In most American cities, bike and walk advocates beg for validation and funding like a “charity case”, and end up getting acknowledged and funded as such, resulting in insufficient or piecemeal infrastructure. We commonly see bike lanes that abruptly end, unprotected bike lanes that don’t offer leading bicycle intervals or leading pedestrian intervals (LPIs and LBIs), or safe left turns, and painted lines “that put cyclists between fast-moving traffic and parked cars with doors that capriciously swing open”, so only experienced riders will brave them, and discouraging new riders. This kind of bike and walk design and implementation continues to give drivers the sense of entitlement that roads are intended for them, and discourages people from riding bikes, scooters, and walking, thereby creating more traffic congestion perpetuating the inherent safety, health, and environmental issues.
As advocates for safe, complete streets, do we dare to go big to make environmental, social, and safety gains we hope to achieve? If American bike and walk advocates are “pitching ourselves as a niche, special-interest group”, we are “tacitly agreeing that cars are and should be the dominant mode of transportation…”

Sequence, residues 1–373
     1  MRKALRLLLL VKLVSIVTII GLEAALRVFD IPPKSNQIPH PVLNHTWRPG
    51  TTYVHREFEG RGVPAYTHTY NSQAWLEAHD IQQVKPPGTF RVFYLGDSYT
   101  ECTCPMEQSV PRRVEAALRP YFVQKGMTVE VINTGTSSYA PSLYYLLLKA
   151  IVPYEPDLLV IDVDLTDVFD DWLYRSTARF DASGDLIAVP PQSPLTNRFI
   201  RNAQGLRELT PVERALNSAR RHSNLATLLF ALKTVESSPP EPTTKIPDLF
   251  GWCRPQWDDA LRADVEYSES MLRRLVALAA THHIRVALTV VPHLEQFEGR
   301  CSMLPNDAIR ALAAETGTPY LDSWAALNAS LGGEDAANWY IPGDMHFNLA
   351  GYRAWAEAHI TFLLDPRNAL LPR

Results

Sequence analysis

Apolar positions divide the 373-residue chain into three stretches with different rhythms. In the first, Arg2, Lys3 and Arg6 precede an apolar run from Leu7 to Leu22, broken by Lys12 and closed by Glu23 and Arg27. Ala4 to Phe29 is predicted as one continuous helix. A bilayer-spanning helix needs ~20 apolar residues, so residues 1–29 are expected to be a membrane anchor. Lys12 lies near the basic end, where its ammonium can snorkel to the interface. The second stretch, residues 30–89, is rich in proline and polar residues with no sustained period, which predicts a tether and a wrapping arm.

The auto industry has dominated since the 1930s by promoting plans for highways and streets for cars. Asbury Park is a 1.4 mile square city, where we have envisioned a plan for biking and walking, a network of infrastructure that can be a model for cities all over the US. Let’s do it big. Onward to 2020 and beyond!
Why We Need to Dream Bigger Than Bike Lanes
In the 1930s big auto dreamed up freeways and demanded massive car infrastructure. Micromobility needs its own Futurama—one where cars are marginalized.
“More often than not, bike infrastructure is created reactively. Typically in response to a collision or near collision with a car, an individual or advocacy group identifies a single route that needs better infrastructure. We gather community support and lobby local officials for the desired change, trying as hard as we can to ask for the cheapest, smallest changes so that our requests will be seen as realistic.
What’s the problem with this model?
It’s like imagining a bridge and asking for twigs—useless, unable to bear any meaningful weight, easily broken. And it’s treating bike infrastructure like a hopeless charity case.
This makes bike infrastructure seem like a small, special-interest demand that produces no real results in terms of shifting to sustainable transportation, and it makes those giving up road space and tax dollars feel as though they are supporting a hopeless charity.
But when roads, highways, and bridges are designed and built, they aren’t done one neighborhood at a time, one city-council approval at a time. We don’t build a few miles of track, or lay down some asphalt wherever there is “local support” and then leave 10-mile gaps in between.”